Ivan Nova’s return to something resembling solid has been big for the Yankees. With CC Sabathia out and Michael Pineda on the shelf over the last few weeks Nova’s 58 innings have been a godsend for the Bronx Bombers. He hasn’t been great or dominant, but a 3.72 ERA with a 4.12 FIP almost always gives an offense like New York’s a chance. His strikeout rate is down a little bit overall, but he’s still inducing ground balls at a good clip and he hasn’t fallen victim to the high BABIP against that has plagued Nate Eovaldi.
The Astros are definitely the side here, even if some of the line value is gone. Nova isn’t a strikeout pitcher and the Astros have certainly faced their share of those lately. Keuchel should get enough support, but, more importantly, he should be effective against the Yankees.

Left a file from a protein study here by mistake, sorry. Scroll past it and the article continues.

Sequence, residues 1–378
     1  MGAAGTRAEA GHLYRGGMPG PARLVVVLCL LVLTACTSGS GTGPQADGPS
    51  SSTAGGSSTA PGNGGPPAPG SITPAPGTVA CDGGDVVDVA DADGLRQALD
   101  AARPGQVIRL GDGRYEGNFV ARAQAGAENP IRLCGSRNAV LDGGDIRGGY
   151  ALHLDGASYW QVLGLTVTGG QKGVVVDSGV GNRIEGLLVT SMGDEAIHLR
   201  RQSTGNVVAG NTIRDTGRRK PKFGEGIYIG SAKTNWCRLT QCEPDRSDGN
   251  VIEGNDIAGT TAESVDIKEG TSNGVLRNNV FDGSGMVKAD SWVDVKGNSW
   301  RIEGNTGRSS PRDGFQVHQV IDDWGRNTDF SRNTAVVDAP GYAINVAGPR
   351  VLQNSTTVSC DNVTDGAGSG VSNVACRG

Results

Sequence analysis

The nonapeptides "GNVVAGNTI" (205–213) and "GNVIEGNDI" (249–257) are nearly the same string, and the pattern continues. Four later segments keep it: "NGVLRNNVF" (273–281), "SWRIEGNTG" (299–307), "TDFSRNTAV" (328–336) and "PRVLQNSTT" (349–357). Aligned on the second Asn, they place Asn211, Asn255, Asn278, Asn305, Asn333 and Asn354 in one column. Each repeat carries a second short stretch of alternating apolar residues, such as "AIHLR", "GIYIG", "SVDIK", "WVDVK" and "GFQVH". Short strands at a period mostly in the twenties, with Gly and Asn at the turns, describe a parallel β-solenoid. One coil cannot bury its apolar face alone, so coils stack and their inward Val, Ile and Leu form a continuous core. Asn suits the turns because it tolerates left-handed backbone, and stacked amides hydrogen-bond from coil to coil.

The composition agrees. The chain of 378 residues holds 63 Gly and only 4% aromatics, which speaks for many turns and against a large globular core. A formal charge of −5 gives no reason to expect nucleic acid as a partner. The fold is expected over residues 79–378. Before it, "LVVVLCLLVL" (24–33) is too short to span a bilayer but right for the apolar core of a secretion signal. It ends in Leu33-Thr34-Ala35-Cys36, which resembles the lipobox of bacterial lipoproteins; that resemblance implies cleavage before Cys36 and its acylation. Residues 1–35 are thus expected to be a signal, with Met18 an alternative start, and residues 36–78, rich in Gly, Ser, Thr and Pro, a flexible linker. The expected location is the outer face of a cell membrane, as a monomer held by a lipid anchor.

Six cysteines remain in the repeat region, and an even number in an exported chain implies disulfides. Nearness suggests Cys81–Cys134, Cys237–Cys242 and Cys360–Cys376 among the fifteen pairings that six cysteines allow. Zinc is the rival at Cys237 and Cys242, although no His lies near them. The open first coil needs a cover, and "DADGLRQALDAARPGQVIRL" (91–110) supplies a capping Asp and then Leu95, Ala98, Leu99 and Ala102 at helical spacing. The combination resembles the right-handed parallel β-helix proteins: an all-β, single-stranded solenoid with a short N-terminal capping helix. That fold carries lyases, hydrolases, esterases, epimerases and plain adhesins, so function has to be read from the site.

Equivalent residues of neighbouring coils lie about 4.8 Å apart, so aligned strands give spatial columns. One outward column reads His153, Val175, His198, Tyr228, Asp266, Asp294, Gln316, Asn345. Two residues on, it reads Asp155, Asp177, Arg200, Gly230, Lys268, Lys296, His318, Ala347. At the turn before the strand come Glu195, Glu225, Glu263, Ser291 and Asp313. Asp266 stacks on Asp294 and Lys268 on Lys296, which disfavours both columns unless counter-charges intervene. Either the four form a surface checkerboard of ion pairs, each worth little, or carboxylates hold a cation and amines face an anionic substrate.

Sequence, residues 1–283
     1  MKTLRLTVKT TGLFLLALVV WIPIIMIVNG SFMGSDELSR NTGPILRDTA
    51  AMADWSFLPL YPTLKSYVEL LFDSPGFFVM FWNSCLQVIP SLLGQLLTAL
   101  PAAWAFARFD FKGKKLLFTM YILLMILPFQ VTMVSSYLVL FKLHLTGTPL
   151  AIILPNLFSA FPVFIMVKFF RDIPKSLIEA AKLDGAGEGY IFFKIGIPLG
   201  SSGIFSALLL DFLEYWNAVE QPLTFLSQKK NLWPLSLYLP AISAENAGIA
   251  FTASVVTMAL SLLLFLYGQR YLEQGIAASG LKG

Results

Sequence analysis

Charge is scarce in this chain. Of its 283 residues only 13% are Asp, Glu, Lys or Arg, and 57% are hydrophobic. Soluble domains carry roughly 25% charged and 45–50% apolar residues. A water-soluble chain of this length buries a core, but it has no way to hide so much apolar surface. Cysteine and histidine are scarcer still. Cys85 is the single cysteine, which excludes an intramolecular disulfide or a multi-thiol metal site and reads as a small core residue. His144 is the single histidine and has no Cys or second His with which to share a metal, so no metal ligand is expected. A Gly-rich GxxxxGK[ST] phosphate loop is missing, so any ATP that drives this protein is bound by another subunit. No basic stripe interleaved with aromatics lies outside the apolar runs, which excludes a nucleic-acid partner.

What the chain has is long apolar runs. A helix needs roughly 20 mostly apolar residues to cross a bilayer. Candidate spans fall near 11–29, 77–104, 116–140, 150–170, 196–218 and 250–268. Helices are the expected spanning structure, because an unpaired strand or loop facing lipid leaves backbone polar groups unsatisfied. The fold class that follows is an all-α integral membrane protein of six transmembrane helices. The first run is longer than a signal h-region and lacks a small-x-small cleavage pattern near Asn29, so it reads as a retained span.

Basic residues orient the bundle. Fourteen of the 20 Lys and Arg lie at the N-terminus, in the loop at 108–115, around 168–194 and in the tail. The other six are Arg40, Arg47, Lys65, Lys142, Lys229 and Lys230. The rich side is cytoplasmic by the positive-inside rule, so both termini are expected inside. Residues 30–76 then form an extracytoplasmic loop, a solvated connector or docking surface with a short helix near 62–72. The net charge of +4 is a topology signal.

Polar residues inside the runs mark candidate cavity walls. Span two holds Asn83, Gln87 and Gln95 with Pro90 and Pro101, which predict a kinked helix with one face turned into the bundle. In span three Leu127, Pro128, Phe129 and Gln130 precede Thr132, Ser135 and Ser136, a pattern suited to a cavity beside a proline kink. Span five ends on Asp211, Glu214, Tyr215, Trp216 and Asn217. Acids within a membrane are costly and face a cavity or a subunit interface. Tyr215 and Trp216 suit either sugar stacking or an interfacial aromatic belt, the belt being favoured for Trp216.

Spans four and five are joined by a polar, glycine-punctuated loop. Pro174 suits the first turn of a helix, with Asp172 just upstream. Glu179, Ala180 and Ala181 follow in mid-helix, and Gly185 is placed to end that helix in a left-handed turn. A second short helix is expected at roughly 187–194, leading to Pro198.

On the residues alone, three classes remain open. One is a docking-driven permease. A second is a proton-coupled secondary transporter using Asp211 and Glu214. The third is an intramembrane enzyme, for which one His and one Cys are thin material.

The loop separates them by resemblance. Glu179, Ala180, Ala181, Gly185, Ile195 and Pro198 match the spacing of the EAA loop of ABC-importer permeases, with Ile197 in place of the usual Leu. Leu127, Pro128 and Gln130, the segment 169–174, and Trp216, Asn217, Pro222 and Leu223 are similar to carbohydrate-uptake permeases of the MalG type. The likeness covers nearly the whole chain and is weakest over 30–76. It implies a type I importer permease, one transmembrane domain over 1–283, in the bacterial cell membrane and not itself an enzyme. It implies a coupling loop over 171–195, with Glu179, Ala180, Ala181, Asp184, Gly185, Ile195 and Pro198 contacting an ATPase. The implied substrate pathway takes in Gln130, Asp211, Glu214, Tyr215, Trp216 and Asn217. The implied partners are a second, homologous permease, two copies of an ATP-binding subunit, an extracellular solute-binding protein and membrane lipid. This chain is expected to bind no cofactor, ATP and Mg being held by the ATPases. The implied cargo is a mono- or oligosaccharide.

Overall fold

Jered Weaver as a road favorite is terrifying. On the other hand, so is backing Alfredo Simon. This is the most fascinating line of the day to me. Weaver’s assortment of junk that includes the kitchen sink is still useful at Angel Stadium, but it’s hard to say that it’s useful anywhere else. Comerica Park has a big, spacious outfield, but it’s not a coincidence that Weaver has a .389 SLG allowed at home with a 3.02 ERA and a .482 SLG allowed on the road with a 5.40 ERA. Last year’s home road split was 2.68, .310 and 4.70, .469. As his stuff declines, so does his value. As terrible as Alfredo Simon generally is, Jered Weaver should not be a road favorite against almost anybody, especially a team with a lineup like Detroit’s.